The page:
Maize Plant More Affected By Environment Than Genes

THE NETHERLANDS - The impact of genetic manipulation on maize plants is no greater than that of regular breeding methods. Environment differences are far more influential, research by RIKILT and partner institutes suggests.
calendar icon 4 May 2010
clock icon 2 minute read

The researchers compared the gene expression and protein production of two transgene maize varieties with those of a variety obtained through traditional breeding. They assessed the functioning of sixty thousand genes and the presence in the plant of a comparable number of proteins and chemical substances known as metabolites. They are publishing their findings in the next edition of Plant Biotechnology Journal.

The researchers compared the gene expression over three growing seasons of a traditional variety and two transgene ones: one with resistance to the pestiferous European maize borer, and one with resistance to the herbicide Roundup.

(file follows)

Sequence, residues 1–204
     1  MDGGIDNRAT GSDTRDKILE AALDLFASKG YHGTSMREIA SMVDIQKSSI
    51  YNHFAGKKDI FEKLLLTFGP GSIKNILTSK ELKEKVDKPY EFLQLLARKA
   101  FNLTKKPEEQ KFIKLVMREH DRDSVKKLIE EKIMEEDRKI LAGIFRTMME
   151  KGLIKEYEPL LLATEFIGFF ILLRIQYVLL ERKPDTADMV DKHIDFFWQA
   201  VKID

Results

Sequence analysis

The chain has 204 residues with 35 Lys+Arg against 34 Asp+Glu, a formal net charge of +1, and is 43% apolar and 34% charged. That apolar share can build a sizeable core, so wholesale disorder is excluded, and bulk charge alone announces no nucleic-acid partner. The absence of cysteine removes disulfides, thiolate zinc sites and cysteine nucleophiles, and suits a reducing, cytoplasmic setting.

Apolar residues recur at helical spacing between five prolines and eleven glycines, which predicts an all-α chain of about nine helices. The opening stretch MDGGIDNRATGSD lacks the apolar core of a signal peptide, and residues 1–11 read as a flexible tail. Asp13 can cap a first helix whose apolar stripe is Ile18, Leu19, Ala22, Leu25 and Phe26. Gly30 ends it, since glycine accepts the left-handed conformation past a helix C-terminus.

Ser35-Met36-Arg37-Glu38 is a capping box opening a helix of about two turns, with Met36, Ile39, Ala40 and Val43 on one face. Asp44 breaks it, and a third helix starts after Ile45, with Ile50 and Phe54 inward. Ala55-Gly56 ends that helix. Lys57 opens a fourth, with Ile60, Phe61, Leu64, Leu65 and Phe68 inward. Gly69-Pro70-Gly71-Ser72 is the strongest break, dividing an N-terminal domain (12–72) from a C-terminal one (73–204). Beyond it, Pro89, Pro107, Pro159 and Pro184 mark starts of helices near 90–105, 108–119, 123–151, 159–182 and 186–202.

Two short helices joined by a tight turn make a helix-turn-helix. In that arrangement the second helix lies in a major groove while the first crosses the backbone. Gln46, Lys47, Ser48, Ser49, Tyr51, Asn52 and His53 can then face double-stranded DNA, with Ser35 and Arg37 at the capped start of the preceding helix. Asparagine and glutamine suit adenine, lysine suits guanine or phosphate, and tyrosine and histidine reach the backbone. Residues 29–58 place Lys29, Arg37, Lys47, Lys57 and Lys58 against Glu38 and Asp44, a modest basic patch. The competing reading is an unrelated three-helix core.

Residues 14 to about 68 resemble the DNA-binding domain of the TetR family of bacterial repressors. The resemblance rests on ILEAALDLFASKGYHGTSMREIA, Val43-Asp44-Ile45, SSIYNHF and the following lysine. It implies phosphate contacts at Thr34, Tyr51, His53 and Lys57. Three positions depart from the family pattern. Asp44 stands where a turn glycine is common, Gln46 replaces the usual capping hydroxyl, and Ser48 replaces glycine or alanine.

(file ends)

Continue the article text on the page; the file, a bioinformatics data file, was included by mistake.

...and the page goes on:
They also determined the natural variation in the gene expression by comparing the varieties at one location. And thirdly, they identified the effect of growing conditions by comparing the maize varieties at several locations during one season. The researchers concluded that the environmental influences led to a far greater variety in gene expression, proteins and metabolites than did the different genotypes.

"This suggests that genetic modification has no more drastic side effects than traditional breeding", says Mr Van Dijk. "But that does not yet mean that this applies to other crops too, or that GM technology is safe. We have found a few differences between the GM varieties and the traditional crop.

"Further research should show whether these differences affect the safety of the product. There were no indications of any harmful effects on health.'"

Yet Mr Van Dijk does think this model study will help researchers to make a rational assessment of the safety risks. "With this broad analytical approach, certain toxicological studies will probably become unnecessary in the long term."

TheCattleSite News Desk

© 2000 - 2024 - Global Ag Media. All Rights Reserved | No part of this site may be reproduced without permission.